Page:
Michael Farrell Reviews Grant Caldwell

By | 7 March 2016

Reflections of a Temporary Self by Grant Caldwell
Collective Effort Press, 2015

Publishing a selected poems is an act of confidence. While no one who writes poems would want to be judged on their worst effort, a selection suggests these are the poems that – if readers must judge – the poet be judged upon. The act is, however, doubly denied by Caldwell in the qualified title, Reflections of a Temporary Self, and by the front cover author photo: is he asleep or isn’t he? The I-don’t-necessarily-give-a-fuck attitude is part of the package. I qualify the attitude because Caldwell, in producing an eighth book (consisting of poems from six previous books and new poems), clearly does give one.

The large type will be welcomed by the poorer sighted and it has a poster effect that gives the pages authority, suggesting that this is public poetry: it’s what I saw, heard, thought; what do you reckon? The poet might have moved on, into a new self, but the gesture remains. In noting my impression of the unapologetic strain in Caldwell’s work I don’t mean that it is necessarily aggressive. It can be unapologetically sweet:

wallabies kissing in a twilight field
holding straws in their little hands
ears revolving
all this and the joey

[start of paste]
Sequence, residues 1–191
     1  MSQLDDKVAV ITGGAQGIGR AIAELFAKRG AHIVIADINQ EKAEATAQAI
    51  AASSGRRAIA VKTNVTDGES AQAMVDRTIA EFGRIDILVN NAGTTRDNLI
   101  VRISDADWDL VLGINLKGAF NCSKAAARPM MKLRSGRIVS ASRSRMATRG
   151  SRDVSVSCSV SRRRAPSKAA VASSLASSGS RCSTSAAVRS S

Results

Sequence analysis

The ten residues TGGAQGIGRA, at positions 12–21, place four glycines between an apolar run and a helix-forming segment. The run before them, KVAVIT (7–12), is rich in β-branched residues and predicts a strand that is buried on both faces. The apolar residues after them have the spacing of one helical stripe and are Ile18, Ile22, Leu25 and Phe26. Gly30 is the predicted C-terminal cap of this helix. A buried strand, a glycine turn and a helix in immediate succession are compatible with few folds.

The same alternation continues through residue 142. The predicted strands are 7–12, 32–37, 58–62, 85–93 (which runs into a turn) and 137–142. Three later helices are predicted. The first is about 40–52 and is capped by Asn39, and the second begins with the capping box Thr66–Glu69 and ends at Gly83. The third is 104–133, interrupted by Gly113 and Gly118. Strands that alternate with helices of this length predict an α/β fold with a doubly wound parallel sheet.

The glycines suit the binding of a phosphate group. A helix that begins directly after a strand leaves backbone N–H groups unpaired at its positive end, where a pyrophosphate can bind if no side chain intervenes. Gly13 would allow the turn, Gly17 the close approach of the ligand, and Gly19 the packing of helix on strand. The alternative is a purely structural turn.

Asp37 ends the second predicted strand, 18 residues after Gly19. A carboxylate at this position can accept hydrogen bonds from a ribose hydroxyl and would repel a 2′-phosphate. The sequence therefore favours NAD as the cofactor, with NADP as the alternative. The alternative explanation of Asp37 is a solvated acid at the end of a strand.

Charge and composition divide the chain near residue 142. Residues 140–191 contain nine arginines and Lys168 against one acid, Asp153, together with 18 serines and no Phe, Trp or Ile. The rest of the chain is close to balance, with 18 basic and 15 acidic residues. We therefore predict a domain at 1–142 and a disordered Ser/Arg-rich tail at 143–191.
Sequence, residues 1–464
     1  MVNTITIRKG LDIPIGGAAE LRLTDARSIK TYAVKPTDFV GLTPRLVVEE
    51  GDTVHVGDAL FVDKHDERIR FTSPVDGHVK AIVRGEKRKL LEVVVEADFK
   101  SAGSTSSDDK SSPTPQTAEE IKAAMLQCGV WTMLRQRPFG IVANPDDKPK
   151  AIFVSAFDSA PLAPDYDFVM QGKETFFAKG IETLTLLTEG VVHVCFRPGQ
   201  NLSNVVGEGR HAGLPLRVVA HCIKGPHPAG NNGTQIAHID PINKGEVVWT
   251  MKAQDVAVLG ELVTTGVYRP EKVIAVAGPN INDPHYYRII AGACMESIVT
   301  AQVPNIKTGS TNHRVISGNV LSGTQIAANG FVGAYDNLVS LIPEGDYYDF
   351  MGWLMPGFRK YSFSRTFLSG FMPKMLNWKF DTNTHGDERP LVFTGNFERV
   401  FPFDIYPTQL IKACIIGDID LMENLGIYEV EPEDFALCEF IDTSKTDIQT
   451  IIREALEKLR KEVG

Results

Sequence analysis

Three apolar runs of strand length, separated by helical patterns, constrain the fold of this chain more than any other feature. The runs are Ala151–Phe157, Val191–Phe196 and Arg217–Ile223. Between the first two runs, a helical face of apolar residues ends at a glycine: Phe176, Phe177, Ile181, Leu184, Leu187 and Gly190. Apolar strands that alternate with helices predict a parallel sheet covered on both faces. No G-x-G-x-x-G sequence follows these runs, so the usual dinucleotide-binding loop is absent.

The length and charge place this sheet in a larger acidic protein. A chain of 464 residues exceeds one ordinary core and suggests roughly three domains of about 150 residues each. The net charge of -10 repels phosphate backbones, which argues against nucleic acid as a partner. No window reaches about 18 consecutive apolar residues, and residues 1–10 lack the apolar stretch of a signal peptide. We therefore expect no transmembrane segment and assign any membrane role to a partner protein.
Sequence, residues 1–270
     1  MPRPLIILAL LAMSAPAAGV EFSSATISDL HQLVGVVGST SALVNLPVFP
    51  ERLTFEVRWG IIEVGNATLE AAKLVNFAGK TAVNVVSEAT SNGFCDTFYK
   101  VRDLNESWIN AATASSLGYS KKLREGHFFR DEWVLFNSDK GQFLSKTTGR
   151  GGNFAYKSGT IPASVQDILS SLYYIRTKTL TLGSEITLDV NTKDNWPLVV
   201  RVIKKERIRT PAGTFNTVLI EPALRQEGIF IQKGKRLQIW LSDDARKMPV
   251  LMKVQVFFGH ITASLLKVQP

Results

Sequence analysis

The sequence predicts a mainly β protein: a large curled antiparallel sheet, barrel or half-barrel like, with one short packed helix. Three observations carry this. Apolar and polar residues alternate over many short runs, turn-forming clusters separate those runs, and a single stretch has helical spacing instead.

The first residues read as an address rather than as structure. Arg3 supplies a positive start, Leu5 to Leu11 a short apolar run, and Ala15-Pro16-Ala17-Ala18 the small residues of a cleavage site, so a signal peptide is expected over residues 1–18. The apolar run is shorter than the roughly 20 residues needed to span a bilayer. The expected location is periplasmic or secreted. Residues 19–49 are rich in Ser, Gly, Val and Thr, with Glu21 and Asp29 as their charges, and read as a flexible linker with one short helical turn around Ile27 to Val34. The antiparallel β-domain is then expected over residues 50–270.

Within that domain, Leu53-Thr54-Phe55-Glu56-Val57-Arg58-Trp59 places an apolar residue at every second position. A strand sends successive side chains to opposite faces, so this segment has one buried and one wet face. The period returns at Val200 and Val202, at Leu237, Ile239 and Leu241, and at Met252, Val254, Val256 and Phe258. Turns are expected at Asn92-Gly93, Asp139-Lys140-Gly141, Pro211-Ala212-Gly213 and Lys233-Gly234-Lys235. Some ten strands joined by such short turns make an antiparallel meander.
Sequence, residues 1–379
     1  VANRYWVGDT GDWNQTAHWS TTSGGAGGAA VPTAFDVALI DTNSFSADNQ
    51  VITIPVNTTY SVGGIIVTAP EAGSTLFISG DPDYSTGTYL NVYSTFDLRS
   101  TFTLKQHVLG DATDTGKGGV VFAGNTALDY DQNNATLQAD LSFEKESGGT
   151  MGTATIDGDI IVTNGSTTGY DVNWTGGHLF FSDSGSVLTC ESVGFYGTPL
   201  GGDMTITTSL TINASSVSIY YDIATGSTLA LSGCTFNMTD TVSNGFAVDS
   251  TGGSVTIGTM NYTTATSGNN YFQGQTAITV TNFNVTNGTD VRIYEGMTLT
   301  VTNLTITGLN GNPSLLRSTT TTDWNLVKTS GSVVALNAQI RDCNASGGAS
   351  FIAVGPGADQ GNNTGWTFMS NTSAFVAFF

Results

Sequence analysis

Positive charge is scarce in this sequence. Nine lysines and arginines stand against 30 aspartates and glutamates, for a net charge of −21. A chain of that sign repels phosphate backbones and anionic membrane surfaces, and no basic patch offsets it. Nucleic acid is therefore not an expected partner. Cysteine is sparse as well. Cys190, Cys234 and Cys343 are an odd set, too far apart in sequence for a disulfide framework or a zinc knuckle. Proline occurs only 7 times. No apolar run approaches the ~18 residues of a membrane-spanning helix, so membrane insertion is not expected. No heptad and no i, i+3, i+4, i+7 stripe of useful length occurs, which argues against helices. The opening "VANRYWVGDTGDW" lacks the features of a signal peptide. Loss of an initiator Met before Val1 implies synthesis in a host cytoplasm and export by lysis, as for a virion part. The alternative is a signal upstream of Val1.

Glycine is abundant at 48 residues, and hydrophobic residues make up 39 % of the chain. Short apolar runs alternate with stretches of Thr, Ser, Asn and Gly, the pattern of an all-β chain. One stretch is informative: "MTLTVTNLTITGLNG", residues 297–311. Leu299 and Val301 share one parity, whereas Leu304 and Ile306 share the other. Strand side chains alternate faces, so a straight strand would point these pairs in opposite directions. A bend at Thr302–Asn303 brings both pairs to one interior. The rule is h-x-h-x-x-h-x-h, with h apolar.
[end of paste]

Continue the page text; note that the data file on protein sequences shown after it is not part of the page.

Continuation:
and the young shoots of clover
they love so much (‘ontos farm’)

Like John Shaw Neilson with the death taken out. You could say with the lilt out, as well; by analogy the impression is of a rock’n’roll Zen, especially this aspect cited by Wikipedia: ‘the personal expression of … insight in daily life, especially for the benefit of others’. The latter part of the quote is pure ironic Caldwell. Reflections contains a sarcastic poem about the facile adoption of Buddhism as an identity (‘einstein, buddhism and my stiff neck’) and it is one of the poems that verges on the genre of the grumpy-old-man poem. Yet, typically, the judgment is on Caldwell, or at least his narrator: thinking about Buddhists, he falls in the creek and bangs his hip. (It seems quintessentially Australian to fall in a creek and hurt yourself, rather than get wet or drown.)

There’s rhythm, there are images, and sometimes they meet. Caldwell is interested in the melancholy affects of repetition, as in ‘across the sea’ (‘the sea comes … it never stops/it never stops’); and in mundane investigations of logic in these concluding lines from ‘thirteen ways of looking at a window’:

with the dark the window becomes a mirror
when you turn on the kitchen light and you
watch yourself reflecting reflected in the light
though you can’t see your face for the shadow

This circularity is given its major form in ‘two black chairs’; as the poem goes on it becomes replete with chairs and tables, and a purse and fairy lights, and ‘elvis before his dissipation’, losing its sense of line (or gaining fullness) as the page becomes full with the swirl of words. All poems are concerned with the logic of their structures, but logic is also a theme of these poems, as if they want to work out the possibilities of logic in poetry. ‘like a tennis ball’ resembles a song structure – what could easily be read as a hip-hop structure, though I think it’s too unromanticised for that – where the abjection of alcoholic (prosaic) unhappiness is redeemed (poetically) by the mundane-lyrical image of a tennis ball in the last line.